Western Digital Launches World’s First 14TB Hard Drive

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You might recall a time not that long ago that a 1TB hard drive was considered gigantic. How far we’ve come. Western Digital has started shipping its newest and largest hard drive, the HGST Ultrastar Hs14. As the name suggests, this drive has a whopping 14TB of space. Not only that, it’s faster and more efficient than the 12TB drives Western Digital started shipping last year.

Like many super-high-capacity spinning drives, this device is filled with helium. The atmosphere in an SSD doesn’t matter because there are no moving parts, but ensuring the platters in a spinning drive (7200RPM in this case) can move smoothly is essential in high-density data storage. Helium creates less drag on the platters than regular air, so drives like the HGST Ultrastar Hs14 are hermetically sealed and filled with an atmosphere of helium. HGST (which is part of Western Digital) calls this “HelioSeal” technology.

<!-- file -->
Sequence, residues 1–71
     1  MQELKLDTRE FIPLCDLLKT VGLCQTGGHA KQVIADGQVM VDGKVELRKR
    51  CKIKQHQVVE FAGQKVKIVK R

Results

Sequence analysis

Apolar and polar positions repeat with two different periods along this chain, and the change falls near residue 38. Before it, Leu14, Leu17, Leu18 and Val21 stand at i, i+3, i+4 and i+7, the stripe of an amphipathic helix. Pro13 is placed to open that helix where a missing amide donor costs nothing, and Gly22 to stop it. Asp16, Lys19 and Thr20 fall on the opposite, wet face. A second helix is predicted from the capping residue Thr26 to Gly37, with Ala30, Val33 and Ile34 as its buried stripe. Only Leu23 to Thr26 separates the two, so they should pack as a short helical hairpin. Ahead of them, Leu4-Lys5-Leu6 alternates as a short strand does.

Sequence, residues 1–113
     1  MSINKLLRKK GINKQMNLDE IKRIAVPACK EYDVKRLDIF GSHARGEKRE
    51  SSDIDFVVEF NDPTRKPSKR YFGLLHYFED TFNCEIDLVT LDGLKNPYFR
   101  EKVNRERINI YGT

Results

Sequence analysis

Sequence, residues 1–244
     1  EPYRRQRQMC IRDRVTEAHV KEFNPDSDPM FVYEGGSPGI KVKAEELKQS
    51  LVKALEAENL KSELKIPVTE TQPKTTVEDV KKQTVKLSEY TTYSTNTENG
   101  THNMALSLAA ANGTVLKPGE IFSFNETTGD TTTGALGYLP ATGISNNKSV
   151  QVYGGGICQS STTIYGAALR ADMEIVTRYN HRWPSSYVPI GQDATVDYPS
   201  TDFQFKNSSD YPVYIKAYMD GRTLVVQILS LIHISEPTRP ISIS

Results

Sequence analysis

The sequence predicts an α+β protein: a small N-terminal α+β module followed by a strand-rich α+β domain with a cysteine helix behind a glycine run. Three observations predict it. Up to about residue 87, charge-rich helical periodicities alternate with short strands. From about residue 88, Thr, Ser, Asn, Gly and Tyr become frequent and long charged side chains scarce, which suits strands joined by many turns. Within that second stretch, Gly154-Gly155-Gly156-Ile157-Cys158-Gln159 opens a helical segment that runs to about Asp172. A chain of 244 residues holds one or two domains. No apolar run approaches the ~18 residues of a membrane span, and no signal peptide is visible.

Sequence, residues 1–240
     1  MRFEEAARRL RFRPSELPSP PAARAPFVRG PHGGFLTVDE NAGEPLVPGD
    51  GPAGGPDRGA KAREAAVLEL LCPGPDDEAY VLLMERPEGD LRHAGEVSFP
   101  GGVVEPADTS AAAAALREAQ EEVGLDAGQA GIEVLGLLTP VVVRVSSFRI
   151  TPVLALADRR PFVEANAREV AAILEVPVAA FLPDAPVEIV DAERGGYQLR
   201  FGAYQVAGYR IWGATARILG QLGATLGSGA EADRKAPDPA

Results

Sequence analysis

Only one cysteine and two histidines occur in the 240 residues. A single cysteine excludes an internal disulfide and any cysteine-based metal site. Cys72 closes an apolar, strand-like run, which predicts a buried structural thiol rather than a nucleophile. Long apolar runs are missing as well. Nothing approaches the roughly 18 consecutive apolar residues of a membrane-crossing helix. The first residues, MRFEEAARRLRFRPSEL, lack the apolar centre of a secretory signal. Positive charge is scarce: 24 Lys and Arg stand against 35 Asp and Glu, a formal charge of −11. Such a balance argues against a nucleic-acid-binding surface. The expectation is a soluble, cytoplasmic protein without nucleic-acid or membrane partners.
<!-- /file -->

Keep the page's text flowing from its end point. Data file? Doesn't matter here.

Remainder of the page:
This drive uses SMR (Shingled Magnetic Recording) on eight platters to reach this incredible capacity. Rather than being next to each other, the drive tracks are overlapping each other like shingles. That results in higher areal density. There’s more going on inside this drive than older drives, but HGST says it’s more efficient, consuming just 5.2W at idle and 6.2W during operation. That’s technically a bit more than the older 8TB helium drives from HGST, but it’s 60 percent less when you compare the wattage per terabyte.

You can get the Hs14 in both SATA and SAS configurations; the former supports standard 6Gbps data speeds and the SAS version can do 12Gbps. Both drives have 512MB of data buffer and a sustained transfer rate of 233Mbps.

The Hs14 is designed to run 24/7 for at least 2.5 million hours, making it ideal for enterprise and server applications. Not only will the price be outside the realm of consumer drives, it’s a host-managed device. Thus, you probably wouldn’t want to mess around with the HGST Ultrastar Hs14 even if you could afford one. Some of your data might end up on the Hs14, but only if a company uses them in a data center where your bits happen to be. Give it a few years, and this technology will probably trickle down into the more consumer-friendly Western Digital drives.

This is the current leader when it comes to storing a ton of data, but it might not be in the lead for long. Seagate has said it plans to launch a 16TB helium-filled drive in 2018. That could be followed up with a 20TB drive in 2020.

Now read: How do SSDs work?

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